If you are being deterministic, then you would want to clean up anything that you are encapsulating; especially if they are themselves IDisposable. You wouldn't do this in the finalizer, as they may already have been collected (and: it isn't your job any longer). And you're right; in this case, other than the SuppressFinalize (which doesn't matter hugely) we're not doing anything managed, so it would be fine not to bother; which is why I emphasised the general case. –  Marc Gravell Sep 13 '09 at 22:36
@zebrabox - Marc's right in general, but you have a very specific edge case. As to the why, your class might own managed resources that implement IDisposable. You then want to dispose of those when disposing manually but not in the finalizer. Read Joe Duffy's article (see the link in my answer) for much more. –  TrueWill Sep 13 '09 at 22:38
@TrueWill and @Marc Gravell .Of course! ( slaps head in a semi-comedic fashion) makes sense now. Thanks both :) –  zebrabox Sep 13 '09 at 22:46

From Joe Duffy's Weblog:

For sealed classes, this pattern need not be followed, meaning you should simply implement your Finalizer and Dispose with the simple methods (i.e. ~T() (Finalize) and Dispose() in C#). When choosing the latter route, your code should still adhere to the guidelines below regarding implementation of finalization and dispose logic.

So yes, you should be good.

You do need the finalizer as Mehrdad mentioned. If you want to avoid it, you might take a look at SafeHandle. I don't have enough experience with P/Invoke to suggest the correct usage.

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Thanks TrueWill! I have looked at SafeHandle and according to Eric Lippert it was viewed by the BCL team as one of the most significant benefits they introduced in 'Whidbey' ( sorry can't find the link for now ). Unfortunately it's an abstract class so you have to roll your own for every situation which kinda sucks –  zebrabox Sep 13 '09 at 22:35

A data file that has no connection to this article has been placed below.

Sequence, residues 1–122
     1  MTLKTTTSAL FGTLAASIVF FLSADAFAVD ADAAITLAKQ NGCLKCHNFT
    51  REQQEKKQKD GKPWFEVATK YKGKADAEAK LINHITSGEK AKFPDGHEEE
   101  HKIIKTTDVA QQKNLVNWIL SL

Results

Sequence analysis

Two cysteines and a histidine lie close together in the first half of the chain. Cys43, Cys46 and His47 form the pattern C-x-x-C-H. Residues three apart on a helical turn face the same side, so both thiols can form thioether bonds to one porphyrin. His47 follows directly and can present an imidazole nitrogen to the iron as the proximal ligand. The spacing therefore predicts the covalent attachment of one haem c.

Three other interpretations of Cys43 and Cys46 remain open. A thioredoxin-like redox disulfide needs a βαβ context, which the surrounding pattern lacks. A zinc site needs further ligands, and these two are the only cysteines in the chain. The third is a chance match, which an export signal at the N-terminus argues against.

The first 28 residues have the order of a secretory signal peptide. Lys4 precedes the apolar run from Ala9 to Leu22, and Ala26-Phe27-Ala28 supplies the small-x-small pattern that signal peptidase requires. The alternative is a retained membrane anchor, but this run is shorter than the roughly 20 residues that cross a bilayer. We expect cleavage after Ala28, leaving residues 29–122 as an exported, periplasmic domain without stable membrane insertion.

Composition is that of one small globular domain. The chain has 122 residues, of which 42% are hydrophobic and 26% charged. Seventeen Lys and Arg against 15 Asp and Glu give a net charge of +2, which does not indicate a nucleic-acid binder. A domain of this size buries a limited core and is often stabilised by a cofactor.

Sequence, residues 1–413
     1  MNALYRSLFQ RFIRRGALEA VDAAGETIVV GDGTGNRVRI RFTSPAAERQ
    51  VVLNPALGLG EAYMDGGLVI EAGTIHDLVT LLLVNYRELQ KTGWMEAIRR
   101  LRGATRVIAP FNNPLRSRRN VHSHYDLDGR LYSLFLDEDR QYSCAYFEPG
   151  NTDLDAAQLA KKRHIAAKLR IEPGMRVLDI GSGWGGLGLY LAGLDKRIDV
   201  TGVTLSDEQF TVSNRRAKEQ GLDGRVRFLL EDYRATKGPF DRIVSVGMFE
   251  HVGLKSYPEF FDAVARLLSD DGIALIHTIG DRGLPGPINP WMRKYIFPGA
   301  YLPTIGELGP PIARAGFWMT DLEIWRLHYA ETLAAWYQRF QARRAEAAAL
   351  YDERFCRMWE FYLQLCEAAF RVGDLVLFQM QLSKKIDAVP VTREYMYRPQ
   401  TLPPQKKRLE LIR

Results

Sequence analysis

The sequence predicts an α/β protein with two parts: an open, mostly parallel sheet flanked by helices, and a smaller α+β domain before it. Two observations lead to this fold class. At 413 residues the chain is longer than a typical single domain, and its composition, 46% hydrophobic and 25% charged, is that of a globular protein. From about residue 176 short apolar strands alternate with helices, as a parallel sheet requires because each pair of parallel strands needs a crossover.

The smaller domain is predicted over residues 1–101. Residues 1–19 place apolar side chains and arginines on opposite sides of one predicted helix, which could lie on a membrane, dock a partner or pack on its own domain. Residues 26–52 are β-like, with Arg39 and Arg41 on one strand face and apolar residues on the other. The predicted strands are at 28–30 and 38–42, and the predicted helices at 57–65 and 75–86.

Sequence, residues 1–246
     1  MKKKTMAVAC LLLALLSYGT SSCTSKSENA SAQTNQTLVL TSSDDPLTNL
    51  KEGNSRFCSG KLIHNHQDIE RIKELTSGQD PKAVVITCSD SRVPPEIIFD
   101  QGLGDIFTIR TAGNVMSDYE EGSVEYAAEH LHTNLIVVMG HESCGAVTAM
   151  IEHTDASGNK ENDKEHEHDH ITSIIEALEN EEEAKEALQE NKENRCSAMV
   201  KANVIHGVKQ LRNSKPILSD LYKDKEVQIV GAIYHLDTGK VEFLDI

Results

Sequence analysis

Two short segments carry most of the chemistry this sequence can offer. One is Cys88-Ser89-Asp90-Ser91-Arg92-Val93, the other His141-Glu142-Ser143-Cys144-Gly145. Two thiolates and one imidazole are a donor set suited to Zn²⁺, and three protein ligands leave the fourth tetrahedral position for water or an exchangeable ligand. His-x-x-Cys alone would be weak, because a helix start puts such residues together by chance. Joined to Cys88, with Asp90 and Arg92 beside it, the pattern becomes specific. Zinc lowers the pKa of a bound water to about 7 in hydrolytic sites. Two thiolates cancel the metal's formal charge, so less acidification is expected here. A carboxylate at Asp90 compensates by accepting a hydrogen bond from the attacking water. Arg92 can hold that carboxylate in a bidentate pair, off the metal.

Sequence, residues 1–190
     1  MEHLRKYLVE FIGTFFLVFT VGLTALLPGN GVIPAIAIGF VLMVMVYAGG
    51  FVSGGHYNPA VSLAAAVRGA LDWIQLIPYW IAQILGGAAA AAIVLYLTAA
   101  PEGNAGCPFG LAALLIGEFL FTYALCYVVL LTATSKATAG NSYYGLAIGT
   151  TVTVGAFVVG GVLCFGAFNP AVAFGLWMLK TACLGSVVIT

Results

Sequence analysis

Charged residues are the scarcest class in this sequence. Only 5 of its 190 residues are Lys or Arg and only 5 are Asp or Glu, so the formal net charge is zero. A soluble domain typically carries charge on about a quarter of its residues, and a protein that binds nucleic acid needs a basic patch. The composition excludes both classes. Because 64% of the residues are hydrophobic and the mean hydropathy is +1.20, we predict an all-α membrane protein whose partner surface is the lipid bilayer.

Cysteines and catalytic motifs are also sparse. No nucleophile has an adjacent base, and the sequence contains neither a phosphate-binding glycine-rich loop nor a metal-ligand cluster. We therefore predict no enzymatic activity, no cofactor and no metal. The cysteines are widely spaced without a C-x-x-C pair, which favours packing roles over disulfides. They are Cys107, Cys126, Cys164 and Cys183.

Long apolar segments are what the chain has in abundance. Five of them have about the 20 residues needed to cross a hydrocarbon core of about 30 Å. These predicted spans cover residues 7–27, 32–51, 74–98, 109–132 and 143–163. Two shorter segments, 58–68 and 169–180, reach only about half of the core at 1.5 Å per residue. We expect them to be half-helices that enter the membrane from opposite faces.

@zebrabox: While you might need to roll your own in some situations, the documentation states: "A set of prewritten classes derived from SafeHandle is provided as abstract derivations, and this set is located in the Microsoft.Win32.SafeHandles namespace." –  TrueWill Sep 13 '09 at 22:46
@TrueWill. Yep very true but only for stuff like File Handles, Wait Handles, Pipe Handles and a bunch of of crypt stuff. Still better than nothing! –  zebrabox Sep 13 '09 at 22:54
@zebrabox: Good point. It looks like it's not that difficult to create a descendant, and you only need to do it once per handle type/scenario. I found a nice article at blogs.msdn.com/shawnfa/archive/2004/08/12/213808.aspx - it's pre-release, so you may want to verify the information against the MSDN docs. –  TrueWill Sep 14 '09 at 0:49
@TrueWill. Thanks for the link. Will check it out further –  zebrabox Sep 14 '09 at 8:42

You cannot declare virtual methods in a sealed class. Also declaring protected members in a sealed class gives you a compiler warning. So you've implemented it correctly. Calling GC.SuppressFinalize(this) from within the finalizer is not necessary for obvious reasons but it cannot harm.

Having a finalizer is essential when dealing with unmanaged resources, because they are not freed automatically, you have to do it in the finalizer with is called automatically after the object has been garbage collected.